Now that you've written your story of impact...
...think strategically about how to make it seen by as many eyes of possible. Here are ideas to get you started.
Share your story with us
at the National Center for Media Engagement.
- Add your narrative to our Public Media Maps tool. You’ll attract national attention for your work by sharing your story with PBS, CPB, and other national stakeholders through this interactive map. Each month, we feature several submissions on mediaengage.org and publicmediamaps.org.
- Share links to your story on your station’s Facebook page, website and Twitter feed. Create a buzz around your good work.
- Ready to begin? Submit your story here.
Share your story within your station.
- GM's and other managers look for examples of how the station serves its community. They can use your story in communications to the general public.
- Include it in your station's internal newsletter. Help staff understand that it's not just your story, but theirs. Encourage them to retell it in their own way.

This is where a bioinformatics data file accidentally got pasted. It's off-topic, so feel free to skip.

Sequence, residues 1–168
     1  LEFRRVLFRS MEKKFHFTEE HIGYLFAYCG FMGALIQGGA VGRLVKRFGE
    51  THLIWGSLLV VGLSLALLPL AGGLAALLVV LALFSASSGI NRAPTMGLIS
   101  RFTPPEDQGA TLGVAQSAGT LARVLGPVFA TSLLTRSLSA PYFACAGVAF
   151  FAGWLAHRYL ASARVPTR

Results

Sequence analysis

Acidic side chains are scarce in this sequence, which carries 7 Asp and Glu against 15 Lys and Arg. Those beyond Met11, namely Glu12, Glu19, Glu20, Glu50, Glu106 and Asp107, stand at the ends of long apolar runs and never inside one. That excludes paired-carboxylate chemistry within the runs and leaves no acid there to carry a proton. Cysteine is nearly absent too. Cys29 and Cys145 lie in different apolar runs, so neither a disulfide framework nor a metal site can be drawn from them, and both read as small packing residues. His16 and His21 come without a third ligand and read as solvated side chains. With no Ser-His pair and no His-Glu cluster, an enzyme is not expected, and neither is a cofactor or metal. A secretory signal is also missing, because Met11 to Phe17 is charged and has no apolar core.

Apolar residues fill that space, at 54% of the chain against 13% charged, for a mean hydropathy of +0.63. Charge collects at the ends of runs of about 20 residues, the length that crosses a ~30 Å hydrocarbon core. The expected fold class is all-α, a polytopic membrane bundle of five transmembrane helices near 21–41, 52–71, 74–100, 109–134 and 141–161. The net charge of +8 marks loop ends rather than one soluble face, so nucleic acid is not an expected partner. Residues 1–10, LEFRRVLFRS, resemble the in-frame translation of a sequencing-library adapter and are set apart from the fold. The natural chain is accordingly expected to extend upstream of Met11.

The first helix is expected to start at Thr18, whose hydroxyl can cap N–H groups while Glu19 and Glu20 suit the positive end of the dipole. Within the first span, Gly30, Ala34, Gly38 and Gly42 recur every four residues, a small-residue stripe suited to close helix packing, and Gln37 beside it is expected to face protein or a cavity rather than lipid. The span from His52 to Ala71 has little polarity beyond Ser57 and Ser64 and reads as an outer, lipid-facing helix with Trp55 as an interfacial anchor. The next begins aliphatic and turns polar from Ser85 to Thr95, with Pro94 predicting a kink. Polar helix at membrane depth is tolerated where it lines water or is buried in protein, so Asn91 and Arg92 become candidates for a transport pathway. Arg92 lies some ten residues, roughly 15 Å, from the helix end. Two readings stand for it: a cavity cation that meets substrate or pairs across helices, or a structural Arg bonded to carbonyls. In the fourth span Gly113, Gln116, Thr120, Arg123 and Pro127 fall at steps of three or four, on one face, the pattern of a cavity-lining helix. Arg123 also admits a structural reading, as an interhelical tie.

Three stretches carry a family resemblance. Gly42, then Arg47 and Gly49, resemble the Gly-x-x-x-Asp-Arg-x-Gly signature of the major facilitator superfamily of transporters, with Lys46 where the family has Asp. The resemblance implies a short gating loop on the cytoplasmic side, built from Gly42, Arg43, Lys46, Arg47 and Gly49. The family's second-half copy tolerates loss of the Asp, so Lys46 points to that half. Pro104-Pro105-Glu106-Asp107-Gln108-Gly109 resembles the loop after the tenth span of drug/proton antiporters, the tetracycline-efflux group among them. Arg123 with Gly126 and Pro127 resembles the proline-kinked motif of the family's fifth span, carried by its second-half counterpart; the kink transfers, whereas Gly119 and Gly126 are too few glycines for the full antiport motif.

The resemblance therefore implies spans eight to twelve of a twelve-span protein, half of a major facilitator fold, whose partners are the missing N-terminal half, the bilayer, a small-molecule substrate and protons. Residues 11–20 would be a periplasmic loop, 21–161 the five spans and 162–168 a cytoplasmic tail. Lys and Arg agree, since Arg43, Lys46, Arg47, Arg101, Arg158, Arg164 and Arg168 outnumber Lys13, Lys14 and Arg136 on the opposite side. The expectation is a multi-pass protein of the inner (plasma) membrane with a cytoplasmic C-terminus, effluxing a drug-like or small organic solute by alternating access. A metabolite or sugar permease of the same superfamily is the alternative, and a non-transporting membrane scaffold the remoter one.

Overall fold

- Promotions and development staff continually need content for newsletters to members. This is a great place for a story of impact. Also, suggest they share it with volunteers and board members.
- PR staff may want to adapt the story into a press release. Depending on the activity and impact, others around the state or country will want to hear about your work.
Share your story with community partners.
- Use the story to acknowledge the time and energy your partners invested. They'll feel good about their efforts and be more likely to continue it.
- Your partners want to demonstrate their good work, too. Suggest they post the story on their Web site or include it in a newsletter to members.
Hint: Focus your story on activity your partner participated in significantly and include a quote from the partner. They are more likely to pass it along if they're a major player in the story.
Share your story with funders and underwriters.
- Funders want to help people and make a difference. A story that demonstrates impact on their community helps them feel good about their investment and compels them to continue it.
- A story encourages a funder to care more deeply about an activity. It may even help him or her feel ownership in the project and a stronger connection to the station. Funders who feel this way tend to contribute to future activities.
Hint: Create a story around an activity the funder really cares about-the program they funded directly, the event they attended or the piece that triggered their interest initially.